Tag: romance

Movies, Sex & You

Sex in Relationships is different than it is depicted on T.V. and movies. Seduction and erotic encounters in the media look so good because they are choreographed, written by and acted out by professionals. The goal is to look good and convey an emotion or impression to the viewer. They are relating to and for the camera.

The hot passionate romance/sex scenes that we see are the result of many takes, specialized lighting and makeup. Our favorite actors are indeed acting. They have a crowd of people around them, cameras and lights in their faces and other places! Consider if you would be able to have hot passionate sex with camera people, directors, producers and who knows how many other people watching, recording and telling you what to do. Well maybe some of you could.

What is most important here is that I am noticing that in my practice I am getting more and more couples of all ages where one or both of the people believe they are not having great sex because it is not ‘like’ what they see on TV or their favorite movie.

When we compare our experiences with the memory of what we have watched we are bound to be disappointed. When I ask if they enjoy sex with each other, most will say they do and some will say they love sex with their partner but think it ‘should’ be more passionate like on television. What do you think?


One Story of Infidelity

  • Any similarity to you or someone you know is just that a similarity. So many people have similar stories.

About two years ago I began working with a couple that began marriage counseling, believing that they would get a divorce. At the point they came to me, their relationship seemed to be based upon a bond of hostility. They consistently argued angrily as their main form of communication. Both said that they loved each other very much after 19 year of marriage; which let me know that there was hope for this couple.

What led them to reach out for my assistance was that the husband (we will call him Peter), confessed to his wife, (we will call her Robin), that he had been having an affair for over 16 months. At first Peter was only aware of feeling shame and Robin was only aware of feeling hurt and anger. Robin, as you can imagine, felt a gamut of emotions, rage, anger, hurt, shame, and confusion to name just a few. Peter, as we became more involved in the work, also began to feel a whirlwind of emotions, anger, confusion, resentment, hurt and shame.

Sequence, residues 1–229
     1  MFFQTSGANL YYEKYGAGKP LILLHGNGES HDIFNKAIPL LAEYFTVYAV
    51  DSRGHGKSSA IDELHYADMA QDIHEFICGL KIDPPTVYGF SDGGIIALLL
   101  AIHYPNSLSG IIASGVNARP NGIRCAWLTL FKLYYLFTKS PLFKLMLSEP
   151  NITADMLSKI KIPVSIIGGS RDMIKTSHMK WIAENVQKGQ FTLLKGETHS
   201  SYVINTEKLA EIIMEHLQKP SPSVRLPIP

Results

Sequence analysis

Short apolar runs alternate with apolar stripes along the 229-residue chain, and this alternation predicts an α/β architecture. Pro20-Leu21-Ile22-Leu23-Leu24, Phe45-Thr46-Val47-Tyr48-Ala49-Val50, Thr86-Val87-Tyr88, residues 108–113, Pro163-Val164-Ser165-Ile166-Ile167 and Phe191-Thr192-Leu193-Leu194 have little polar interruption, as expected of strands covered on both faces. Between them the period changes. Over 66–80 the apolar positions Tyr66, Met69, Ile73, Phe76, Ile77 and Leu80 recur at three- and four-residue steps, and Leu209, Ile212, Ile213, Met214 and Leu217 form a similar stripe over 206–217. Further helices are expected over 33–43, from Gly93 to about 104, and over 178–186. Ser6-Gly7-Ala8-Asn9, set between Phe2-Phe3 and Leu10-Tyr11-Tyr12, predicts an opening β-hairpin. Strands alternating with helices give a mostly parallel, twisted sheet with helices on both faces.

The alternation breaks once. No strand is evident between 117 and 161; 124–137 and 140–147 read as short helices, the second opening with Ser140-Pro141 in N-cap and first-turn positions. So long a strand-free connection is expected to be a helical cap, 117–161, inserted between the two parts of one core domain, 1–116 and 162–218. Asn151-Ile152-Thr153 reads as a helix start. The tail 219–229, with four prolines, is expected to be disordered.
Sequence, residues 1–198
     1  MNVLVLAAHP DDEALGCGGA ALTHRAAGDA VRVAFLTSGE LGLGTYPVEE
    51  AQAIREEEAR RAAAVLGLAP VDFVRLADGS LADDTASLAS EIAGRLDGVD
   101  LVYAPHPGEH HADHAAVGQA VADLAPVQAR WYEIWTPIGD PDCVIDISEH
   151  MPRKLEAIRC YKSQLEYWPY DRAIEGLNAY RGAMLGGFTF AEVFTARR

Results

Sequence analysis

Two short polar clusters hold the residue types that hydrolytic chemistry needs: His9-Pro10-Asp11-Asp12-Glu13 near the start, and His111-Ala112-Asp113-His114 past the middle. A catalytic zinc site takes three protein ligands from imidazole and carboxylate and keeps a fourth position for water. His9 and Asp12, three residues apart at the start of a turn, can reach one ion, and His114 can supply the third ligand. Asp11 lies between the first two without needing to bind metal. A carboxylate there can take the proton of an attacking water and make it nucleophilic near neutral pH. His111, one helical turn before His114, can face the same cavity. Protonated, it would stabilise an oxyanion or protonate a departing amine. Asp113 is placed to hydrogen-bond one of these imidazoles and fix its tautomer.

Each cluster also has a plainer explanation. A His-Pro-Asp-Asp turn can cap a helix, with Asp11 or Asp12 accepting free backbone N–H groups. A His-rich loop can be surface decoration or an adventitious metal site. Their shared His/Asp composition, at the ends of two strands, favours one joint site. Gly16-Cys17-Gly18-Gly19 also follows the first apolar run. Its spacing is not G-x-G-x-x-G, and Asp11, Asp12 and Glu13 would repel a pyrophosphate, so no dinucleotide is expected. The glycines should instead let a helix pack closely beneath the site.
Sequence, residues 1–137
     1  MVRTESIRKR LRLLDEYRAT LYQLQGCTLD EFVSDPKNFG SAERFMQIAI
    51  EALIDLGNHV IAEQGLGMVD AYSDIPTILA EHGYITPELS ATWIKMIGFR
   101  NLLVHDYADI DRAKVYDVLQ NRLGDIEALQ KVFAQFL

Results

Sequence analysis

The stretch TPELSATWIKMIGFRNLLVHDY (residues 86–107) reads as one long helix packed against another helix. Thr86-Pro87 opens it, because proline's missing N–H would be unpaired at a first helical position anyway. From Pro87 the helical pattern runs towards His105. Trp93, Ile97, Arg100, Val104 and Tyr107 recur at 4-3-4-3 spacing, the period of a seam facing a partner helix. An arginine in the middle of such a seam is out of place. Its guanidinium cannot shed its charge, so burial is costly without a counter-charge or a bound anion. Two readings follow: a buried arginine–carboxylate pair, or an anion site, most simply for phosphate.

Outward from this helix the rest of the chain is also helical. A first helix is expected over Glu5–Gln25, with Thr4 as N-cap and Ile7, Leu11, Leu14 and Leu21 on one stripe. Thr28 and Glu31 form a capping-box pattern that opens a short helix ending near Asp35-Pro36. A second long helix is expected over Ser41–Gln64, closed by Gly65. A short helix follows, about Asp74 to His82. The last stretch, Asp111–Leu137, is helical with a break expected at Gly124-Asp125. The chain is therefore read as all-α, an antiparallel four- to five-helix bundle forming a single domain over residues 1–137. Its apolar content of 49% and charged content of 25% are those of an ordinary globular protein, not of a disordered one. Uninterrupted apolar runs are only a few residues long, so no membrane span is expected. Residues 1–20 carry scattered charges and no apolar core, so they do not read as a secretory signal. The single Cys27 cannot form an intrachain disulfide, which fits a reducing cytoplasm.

As time passed and we worked on their communication, forgiveness and reconnecting, Peter began to feel quite resentful and impatient that Robin seemed unable to forgive him faster. Both Robin and Peter had the tendency to blame the other for the affair as well as anything that they did not like in the relationship. It took much hard work for them to reach the place where they could truly hear each other without wanting to prove that their version of the truth was correct for all. Once this occurred the couple began to move towards re-connecting and the work of regaining trust within their relationship.

As they moved forward, Robin and Peter began to laugh with each other in my presence as well as report back to me that they were having fun together again and having “hot” sex.

They both shared in a session that they now believed they could and would reach their goal of rebuilding their relationship. It took several more months of intensive marriage counseling for Peter and Robin to reach the place they are now. Robin no longer blames Peter for ‘the affair’. She understands her part in the weakening of the marriage and is willing to forgive Peter. She has also regained a high level of trust in him and for their marriage’s continued growth. Peter no longer feels shame and understands his motivations, actions and the consequences of them. They have come a long way from the couple that came to me thinking that they would get a divorce.

 


Divorce ?

When we marry most of us believe it really is for the rest of our lives. We often create a combined life as well as individual life. It is the combined life however that usually has the priority in marriage. Separating from our life partner is painful; feelings of anger, abandonment and yes relief may also be present. There is no escaping your feelings, whatever they are.

I have seen some people avoid their feelings by dating constantly or drinking or drugging. I have seen others plummet into despair for periods of time. It is natural to miss the warmth, friendship, financial security, and sex you had or hoped you would have.

If you have children parenting becomes much more challenging as your role does change and the frequency that you will spend time with your children will change as well. Questions like when do I introduce my children to the person I am dating will arise and possibly cause you anxiety, as there is no ‘right’ answer, only better ones.

Divorce is often one of life’s most stressful experiences. I refer to divorce as a mini-death. In some ways it is more challenging than a ‘real’ death in that the person you have separated from, possibly feel abandoned by, is alive. If you have had children together you will be seeing your X for the rest of your life. This for many is re-wounding, especially if you are unable to forgive yourself and you’re X for the divorce. It is common for both parties to have feelings of failure regardless of who initiated the divorce.

On the positvite side, a divorce can be a time of discoving yourself again, creating new relationships, learning and growing. In order to move forward taking responsibility for your part in the divorce rather than blaming your X for it is paramount. As well as, allowing yourself to grieve your loss and honor your feelings. Then you will be in a space to grow into your new life, the one you will create out of joy. The life you used to dream about having when you were married and unhappy but always thought you could not create it.